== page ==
America has never been short of controversial figures. Our history is filled with characters that are both idolized and villainized. People who study the lives of Alexander Hamilton or Andrew Jackson often find it difficult to remain neutral about their careers.
Douglas MacArthur is a particularly good example of these controversial Americans. Born 130 years ago on January 26, MacArthur still inspires incredible devotion and harsh criticism. Any American who sparks such extreme opinion must represent something deep and valuable in the national character.
MacArthur had an extensive military career, to say the least. His military history began in 1903 when he graduated from West Point with honors. He served with distinction in the First World War, where he commanded the 84th Infantry Brigade. His soldiers were among the first to cross no-man’s land in the final advance into German-held territory.
By 1918 he was near the top ranks of the military, and was selected as the army chief of staff in 1930. The timing of this promotion was unfortunate due to the economics of the time and his efforts were mostly directed at preserving the military’s meager strength during the Great Depression. He retired from the US Army in 1937, only to be recalled to active duty in July 1941.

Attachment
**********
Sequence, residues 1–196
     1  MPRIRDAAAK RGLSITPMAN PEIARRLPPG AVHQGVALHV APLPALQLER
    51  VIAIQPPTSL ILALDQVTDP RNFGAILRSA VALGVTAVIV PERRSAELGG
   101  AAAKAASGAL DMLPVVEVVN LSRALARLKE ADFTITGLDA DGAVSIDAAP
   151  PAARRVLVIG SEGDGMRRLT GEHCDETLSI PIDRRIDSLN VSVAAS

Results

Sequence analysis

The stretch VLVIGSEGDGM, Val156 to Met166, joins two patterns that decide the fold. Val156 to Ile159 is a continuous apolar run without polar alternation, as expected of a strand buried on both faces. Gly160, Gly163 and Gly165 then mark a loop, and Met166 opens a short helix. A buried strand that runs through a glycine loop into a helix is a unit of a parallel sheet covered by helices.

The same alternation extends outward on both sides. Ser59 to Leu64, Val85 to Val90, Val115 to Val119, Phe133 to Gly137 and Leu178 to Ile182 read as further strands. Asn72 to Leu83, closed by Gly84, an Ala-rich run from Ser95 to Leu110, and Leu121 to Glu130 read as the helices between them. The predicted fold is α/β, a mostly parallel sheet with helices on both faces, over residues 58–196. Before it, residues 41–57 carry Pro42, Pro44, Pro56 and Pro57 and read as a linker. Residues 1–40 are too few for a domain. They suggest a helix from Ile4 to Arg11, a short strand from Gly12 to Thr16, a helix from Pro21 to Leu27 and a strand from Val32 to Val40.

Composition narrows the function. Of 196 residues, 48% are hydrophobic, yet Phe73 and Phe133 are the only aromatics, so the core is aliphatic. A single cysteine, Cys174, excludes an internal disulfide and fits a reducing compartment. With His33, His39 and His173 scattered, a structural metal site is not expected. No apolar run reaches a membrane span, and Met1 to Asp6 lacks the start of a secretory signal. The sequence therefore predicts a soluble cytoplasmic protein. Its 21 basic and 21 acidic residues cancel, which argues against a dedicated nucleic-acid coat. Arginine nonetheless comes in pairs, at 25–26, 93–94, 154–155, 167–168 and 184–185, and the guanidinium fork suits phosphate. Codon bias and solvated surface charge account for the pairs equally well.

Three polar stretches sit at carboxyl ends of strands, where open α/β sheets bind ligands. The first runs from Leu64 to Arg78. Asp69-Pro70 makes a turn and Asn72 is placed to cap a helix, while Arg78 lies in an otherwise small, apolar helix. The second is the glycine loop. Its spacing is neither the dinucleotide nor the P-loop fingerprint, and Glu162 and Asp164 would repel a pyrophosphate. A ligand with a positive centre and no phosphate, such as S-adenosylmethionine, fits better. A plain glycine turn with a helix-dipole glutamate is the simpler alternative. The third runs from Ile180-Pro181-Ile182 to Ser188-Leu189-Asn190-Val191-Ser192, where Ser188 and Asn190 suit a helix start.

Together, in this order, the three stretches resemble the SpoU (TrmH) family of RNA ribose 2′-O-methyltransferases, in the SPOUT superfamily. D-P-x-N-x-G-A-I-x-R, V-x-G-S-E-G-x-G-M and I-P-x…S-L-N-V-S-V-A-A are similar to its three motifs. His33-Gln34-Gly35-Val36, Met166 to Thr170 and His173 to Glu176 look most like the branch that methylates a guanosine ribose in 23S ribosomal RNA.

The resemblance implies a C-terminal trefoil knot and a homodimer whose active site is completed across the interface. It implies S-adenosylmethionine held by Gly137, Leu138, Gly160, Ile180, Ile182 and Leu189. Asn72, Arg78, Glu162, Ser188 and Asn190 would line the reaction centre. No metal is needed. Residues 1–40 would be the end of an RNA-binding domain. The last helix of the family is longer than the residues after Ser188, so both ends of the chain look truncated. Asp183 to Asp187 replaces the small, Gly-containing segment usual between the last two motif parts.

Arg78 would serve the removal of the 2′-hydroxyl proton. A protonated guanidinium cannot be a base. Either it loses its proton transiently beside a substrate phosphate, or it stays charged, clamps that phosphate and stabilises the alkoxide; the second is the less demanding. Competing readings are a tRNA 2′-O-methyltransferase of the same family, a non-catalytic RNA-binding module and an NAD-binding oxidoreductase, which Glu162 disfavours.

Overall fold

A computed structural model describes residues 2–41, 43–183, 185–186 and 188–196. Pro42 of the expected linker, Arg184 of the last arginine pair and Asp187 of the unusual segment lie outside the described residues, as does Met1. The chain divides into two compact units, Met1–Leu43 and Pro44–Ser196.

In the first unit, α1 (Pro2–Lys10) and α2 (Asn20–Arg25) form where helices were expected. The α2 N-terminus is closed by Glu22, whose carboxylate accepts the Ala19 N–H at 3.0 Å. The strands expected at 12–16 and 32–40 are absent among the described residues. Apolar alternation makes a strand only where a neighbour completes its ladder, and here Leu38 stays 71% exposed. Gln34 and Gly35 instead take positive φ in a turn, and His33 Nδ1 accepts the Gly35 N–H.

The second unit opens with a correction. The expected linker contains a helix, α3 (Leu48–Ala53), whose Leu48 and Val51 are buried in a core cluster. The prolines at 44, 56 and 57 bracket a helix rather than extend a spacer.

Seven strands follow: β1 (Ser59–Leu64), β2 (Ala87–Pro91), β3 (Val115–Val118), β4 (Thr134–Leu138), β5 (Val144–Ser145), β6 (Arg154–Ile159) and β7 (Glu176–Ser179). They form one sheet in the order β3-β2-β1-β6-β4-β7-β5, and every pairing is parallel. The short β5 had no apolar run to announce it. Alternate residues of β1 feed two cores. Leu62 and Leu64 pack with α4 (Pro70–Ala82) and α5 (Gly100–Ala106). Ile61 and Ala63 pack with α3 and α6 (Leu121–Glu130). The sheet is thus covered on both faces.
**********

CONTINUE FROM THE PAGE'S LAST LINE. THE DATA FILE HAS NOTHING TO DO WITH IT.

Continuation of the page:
He is best known for his command of the Pacific Theater in World War II. After escaping from enemy encirclement in the Philippines in 1942, he directed the Allied forces that pushed the Japanese back across the Pacific, island by island. In 1945 he received the surrender of the Japanese Imperial forces and, until 1951, directed the allied occupation of Japan.
When the Post published a series of articles about MacArthur in 1951, you would have been hard-pressed to find Americans not familiar with the man. He had commanded the first nine months of the Korean War on behalf of the United Nations forces. He had launched a decisive invasion on the Korean coast in the rear of North Korea’s army. His forces threw the communists back so decisively that a fearful Communist China launched a counterattack. President Truman ordered MacArthur to pull back American forces. MacArthur wanted to continue his advance and wage war in the style he knew best, without political complexities. He spoke out publicly against Truman’s decision, and Truman relieved him of command.
The Post published eight articles about MacArthur written by Col. Sid Huff, MacArthur’s aide for 15 years. The article presented a side of MacArthur not familiar to the American people. The series didn’t focus solely on his military leadership and war heroism, but also on his family, and the man “behind closed doors.”
In the first article from September 8, 1951, Huff talked about the General’s personal character. When asked by some if MacArthur was always the military man featured in the news and public, Huff responds,